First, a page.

- What is Mayhem?
- What are the necessary elements to be found guilty of Mayhem?
- What is the sentence / punishment for Mayhem?
- What are possible defenses to charges of Mayhem?
What is Mayhem?
Mayhem is the causing of serious bodily injury by unlawfully and maliciously removing, disfiguring, or disabling of someone's body parts.
Serious bodily injury is a serious impairment of the body including loss or impairment of function of any body part or organ, any injury requiring suturing (stitches), or serious disfigurement.
To be "malicious," an unlawful act need only be intentional or the act has to be intended to annoy or injure someone else.
What are the necessary elements to be found guilty of Mayhem?
To prove the defendant committed mayhem, the state must show that the defendant caused serious bodily injury by unlawfully and maliciously:
- Removing part of someone's body;
- Disabled a part of someone's body and the disability is more than slight or temporary;
- Permanently disfigured someone;
- Cut or disabled someone's tongue;
- Slit someone's nose, ear, or lip; or
- Injured someone's eye so as to significantly reduce the person's ability to see.
What is the sentence / punishment for Mayhem?
Mayhem is a felony and is punishable by two, four, or eight years in state prison. Cal. Pen. Code s. 204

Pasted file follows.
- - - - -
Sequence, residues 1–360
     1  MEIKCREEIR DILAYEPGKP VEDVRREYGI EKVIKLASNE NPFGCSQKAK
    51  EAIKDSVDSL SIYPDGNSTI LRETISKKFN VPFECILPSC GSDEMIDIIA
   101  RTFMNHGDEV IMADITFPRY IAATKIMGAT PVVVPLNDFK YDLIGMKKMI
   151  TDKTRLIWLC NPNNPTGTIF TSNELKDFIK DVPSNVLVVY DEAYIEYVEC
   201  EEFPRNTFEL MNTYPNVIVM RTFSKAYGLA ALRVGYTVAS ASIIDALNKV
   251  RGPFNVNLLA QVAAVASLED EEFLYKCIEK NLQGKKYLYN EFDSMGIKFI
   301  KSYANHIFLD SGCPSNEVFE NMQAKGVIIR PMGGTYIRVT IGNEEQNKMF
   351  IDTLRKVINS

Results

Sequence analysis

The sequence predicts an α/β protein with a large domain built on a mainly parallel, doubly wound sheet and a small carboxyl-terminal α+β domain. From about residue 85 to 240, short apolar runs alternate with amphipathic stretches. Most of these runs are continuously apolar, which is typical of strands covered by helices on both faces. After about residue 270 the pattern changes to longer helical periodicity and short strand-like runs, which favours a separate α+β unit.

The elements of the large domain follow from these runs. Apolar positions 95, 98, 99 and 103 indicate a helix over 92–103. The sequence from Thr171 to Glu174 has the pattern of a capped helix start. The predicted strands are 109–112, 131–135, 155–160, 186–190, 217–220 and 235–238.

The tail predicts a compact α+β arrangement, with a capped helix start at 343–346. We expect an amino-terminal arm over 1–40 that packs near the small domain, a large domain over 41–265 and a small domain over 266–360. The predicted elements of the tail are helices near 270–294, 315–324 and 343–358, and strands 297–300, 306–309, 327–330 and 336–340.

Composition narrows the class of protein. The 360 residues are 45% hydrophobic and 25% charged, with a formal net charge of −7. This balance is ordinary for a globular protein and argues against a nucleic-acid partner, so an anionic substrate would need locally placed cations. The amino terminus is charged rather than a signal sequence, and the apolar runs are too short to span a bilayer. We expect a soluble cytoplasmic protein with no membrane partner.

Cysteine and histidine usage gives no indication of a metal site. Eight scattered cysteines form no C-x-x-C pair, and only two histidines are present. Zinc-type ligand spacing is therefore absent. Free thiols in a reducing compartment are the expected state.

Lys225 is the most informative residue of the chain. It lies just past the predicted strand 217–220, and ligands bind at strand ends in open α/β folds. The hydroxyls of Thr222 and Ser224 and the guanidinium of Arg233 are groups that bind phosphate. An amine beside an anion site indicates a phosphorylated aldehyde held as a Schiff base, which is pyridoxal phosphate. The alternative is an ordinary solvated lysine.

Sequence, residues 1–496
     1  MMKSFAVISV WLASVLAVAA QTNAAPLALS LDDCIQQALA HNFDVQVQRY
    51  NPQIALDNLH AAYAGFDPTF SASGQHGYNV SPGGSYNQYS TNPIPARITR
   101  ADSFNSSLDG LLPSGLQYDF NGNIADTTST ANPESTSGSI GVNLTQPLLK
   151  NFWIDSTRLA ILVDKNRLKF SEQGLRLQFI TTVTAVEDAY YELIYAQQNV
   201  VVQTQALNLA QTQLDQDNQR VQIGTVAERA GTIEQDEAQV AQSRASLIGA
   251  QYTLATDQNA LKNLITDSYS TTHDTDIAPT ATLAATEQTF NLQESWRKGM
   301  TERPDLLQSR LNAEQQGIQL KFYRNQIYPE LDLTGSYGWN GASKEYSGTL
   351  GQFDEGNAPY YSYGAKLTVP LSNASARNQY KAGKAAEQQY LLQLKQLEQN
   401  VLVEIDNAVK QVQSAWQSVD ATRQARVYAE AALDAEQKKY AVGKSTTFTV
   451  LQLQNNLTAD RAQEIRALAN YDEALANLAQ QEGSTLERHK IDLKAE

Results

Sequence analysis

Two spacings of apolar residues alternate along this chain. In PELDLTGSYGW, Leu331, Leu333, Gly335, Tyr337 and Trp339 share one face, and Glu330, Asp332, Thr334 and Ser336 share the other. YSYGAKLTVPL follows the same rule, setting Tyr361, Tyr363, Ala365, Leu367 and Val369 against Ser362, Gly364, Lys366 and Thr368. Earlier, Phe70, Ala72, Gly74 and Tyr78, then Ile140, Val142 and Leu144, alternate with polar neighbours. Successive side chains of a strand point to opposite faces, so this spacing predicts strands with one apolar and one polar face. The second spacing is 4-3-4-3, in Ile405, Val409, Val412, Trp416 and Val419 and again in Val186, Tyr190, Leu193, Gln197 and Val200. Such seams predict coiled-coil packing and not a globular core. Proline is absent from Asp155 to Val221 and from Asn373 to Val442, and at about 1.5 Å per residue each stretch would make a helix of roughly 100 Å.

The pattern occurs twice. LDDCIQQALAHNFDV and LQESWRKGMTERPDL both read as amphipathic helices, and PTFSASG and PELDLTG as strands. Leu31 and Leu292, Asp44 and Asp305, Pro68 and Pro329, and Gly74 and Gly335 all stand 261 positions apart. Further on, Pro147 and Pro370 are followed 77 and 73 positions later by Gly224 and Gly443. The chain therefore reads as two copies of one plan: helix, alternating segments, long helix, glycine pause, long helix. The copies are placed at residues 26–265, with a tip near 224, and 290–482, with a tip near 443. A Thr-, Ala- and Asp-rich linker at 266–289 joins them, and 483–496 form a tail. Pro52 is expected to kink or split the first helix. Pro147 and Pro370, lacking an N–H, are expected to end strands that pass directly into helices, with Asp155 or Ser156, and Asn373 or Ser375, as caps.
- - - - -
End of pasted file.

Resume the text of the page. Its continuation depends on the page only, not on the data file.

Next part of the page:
What are possible defenses to charges of Mayhem?
To prove someone committed a crime, the state (through its prosecutors) must prove beyond a reasonable doubt that the defendant committed each element of the crime. Therefore, defenses to any crime start with negating one or more of the elements of the crime. Additionally, some crimes allow for "affirmative" defenses which, if the defendant can prove the defense applies, will result in a verdict of "not guilty" even if the prosecutor proves the defendant met each of the elements of the crime.
For Mayhem, convincing the jury that the prosecutor failed to prove beyond a reasonable doubt that the defendant acted willfully or maliciously, caused serious bodily injury, etc. would be enough to get a not guilty verdict.
If the prosecutor can prove all the elements of Mayhem, however, the defendant must prove that one or more justifications for his actions existed (i.e., it is the defendant's burden to prove an affirmative defense). For Mayhem, some of these justifications include:
- Defense of another;
- Duress / Threats;
- Entrapment; and
- Statute of Limitations.